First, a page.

Charities confirm desperate migrants resort to cooking rodents
Rough sleepers are eating rats
Homelessness charities say some Eastern European rough sleepers are so desperate for food they are eating rats.
Two major charities confirmed that staff members had seen homeless people cooking the rodents.
Jeremy Swain, chief executive of Thames Reach, said the charity had seen eastern Europeans in extreme poverty eating the vermin. He said it was ‘almost opportunistic’, because ‘the rats are there’.
Howard Sinclair, chief executive of homelessness charity Broadway, agreed and confirmed his teams had seen people eating rats in Brent. ‘If people are sleeping rough and have no recourse to public funds and public sector support they are in a desperate state,’ he said.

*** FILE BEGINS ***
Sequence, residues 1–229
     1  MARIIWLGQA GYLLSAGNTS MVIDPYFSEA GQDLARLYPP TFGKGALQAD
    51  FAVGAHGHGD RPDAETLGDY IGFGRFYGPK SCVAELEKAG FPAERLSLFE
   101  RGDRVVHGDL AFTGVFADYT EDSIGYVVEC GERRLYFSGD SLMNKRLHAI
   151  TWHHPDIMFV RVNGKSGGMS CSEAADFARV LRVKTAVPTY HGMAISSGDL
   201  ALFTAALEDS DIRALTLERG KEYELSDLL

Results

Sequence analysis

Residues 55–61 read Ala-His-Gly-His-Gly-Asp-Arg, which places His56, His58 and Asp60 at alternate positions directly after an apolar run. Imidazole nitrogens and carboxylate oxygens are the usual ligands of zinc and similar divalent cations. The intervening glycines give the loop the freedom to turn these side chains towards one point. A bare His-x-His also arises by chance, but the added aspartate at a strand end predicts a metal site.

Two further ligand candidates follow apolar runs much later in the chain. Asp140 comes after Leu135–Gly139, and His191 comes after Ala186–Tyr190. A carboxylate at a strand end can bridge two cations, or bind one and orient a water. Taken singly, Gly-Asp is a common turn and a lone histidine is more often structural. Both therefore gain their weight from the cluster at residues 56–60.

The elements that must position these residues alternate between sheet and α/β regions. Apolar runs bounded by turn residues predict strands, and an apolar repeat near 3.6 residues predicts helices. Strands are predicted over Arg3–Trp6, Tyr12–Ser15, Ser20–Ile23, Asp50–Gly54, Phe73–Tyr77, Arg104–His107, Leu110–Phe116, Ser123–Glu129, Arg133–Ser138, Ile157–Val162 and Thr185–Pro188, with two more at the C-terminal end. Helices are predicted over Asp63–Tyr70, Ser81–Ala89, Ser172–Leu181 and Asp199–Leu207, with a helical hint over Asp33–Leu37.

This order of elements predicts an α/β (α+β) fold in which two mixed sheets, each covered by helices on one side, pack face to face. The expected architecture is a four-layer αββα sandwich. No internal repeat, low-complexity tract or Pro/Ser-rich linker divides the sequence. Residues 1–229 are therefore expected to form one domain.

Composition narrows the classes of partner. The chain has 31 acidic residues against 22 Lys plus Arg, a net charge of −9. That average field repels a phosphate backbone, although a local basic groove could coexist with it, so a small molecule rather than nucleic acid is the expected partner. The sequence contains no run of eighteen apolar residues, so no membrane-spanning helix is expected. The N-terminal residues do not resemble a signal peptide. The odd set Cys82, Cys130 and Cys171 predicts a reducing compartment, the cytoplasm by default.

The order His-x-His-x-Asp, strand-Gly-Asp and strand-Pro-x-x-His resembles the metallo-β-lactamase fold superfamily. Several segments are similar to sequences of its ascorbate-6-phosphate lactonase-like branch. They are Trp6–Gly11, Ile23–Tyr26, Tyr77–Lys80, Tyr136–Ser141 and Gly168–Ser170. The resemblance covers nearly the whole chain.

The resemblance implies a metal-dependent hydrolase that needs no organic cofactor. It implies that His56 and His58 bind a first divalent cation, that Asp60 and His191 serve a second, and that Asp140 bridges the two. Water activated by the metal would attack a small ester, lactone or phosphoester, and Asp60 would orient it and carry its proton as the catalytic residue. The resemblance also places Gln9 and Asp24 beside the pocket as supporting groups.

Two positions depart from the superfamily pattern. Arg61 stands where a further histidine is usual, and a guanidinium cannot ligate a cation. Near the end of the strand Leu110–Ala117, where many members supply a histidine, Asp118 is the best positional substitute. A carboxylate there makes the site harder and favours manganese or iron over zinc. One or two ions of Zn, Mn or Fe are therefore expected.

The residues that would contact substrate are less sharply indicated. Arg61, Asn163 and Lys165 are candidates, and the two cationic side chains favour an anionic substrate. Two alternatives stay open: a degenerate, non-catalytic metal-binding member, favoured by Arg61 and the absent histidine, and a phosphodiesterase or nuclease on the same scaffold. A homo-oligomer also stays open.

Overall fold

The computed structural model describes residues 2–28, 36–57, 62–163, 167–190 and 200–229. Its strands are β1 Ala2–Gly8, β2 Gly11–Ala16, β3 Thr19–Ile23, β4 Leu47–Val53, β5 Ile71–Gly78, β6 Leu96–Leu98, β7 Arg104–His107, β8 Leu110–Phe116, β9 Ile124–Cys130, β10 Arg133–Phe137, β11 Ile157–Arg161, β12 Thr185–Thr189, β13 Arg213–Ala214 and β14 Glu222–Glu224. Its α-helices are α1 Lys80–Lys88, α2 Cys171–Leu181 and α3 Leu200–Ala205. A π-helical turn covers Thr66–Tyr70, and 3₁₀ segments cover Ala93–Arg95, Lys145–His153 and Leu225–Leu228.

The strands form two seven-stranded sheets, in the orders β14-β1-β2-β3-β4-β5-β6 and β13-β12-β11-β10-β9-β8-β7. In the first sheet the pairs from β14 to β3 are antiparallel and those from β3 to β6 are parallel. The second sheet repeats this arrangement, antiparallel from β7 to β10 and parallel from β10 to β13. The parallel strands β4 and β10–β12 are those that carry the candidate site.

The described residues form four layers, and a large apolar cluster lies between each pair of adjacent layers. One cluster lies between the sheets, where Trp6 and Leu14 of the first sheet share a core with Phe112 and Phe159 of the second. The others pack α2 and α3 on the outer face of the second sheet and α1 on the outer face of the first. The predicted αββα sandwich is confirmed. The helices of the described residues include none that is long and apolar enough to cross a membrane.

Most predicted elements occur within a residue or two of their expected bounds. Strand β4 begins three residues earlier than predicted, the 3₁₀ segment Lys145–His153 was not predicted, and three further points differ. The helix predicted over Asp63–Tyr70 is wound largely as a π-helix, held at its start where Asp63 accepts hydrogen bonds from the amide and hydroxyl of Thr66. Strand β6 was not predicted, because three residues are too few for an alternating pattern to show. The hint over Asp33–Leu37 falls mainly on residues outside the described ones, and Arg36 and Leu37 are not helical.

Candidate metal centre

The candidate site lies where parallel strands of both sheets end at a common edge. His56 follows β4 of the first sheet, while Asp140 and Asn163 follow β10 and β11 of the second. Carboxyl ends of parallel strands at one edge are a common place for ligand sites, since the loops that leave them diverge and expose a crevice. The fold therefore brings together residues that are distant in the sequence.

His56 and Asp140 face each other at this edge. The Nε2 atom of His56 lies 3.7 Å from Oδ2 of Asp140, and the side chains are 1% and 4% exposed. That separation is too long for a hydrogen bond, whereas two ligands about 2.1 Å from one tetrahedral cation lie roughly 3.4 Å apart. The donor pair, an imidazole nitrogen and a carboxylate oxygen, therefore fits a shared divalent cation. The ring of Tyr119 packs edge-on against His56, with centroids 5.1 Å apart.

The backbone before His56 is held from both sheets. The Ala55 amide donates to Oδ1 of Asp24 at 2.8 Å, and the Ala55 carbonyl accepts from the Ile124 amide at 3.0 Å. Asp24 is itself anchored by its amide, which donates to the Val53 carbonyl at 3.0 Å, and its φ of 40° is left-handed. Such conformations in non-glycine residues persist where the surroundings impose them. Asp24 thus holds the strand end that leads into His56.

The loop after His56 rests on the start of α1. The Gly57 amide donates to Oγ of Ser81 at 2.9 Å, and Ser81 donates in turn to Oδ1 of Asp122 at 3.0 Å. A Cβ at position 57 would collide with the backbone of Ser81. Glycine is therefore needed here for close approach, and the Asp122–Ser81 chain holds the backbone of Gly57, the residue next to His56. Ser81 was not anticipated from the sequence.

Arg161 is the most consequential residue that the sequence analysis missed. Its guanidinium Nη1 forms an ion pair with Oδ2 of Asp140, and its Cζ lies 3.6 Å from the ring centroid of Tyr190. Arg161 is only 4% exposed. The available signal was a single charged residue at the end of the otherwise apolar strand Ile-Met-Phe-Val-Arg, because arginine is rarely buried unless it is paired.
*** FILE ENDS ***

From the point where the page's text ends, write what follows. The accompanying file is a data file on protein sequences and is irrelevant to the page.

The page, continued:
Broadway’s annual figures state 3,673 people slept rough on London’s streets in 2009/10. The government made decisions on homeless applications for 393 European migrants between January and March this year.
A spokesperson for the Foods Standards Agency saying: ‘A particular concern about eating rats would be their unknown provenance - you can’t tell where they’ve been or what diseases or chemicals they might have been exposed to or picked up.’
The news reopened discussion about the benefits of soup runs. The issue has proved divisive, with some people arguing that they enable rough sleepers to stay on the streets.
Mr Sinclair said: ‘The answer is not more soup runs, the answer is, where we can, support people off the streets.’
But Alastair Murray from charity Housing Justice said: ‘If that’s how desperate people are to get something to eat, that means what the churches are doing [soup runs] is really important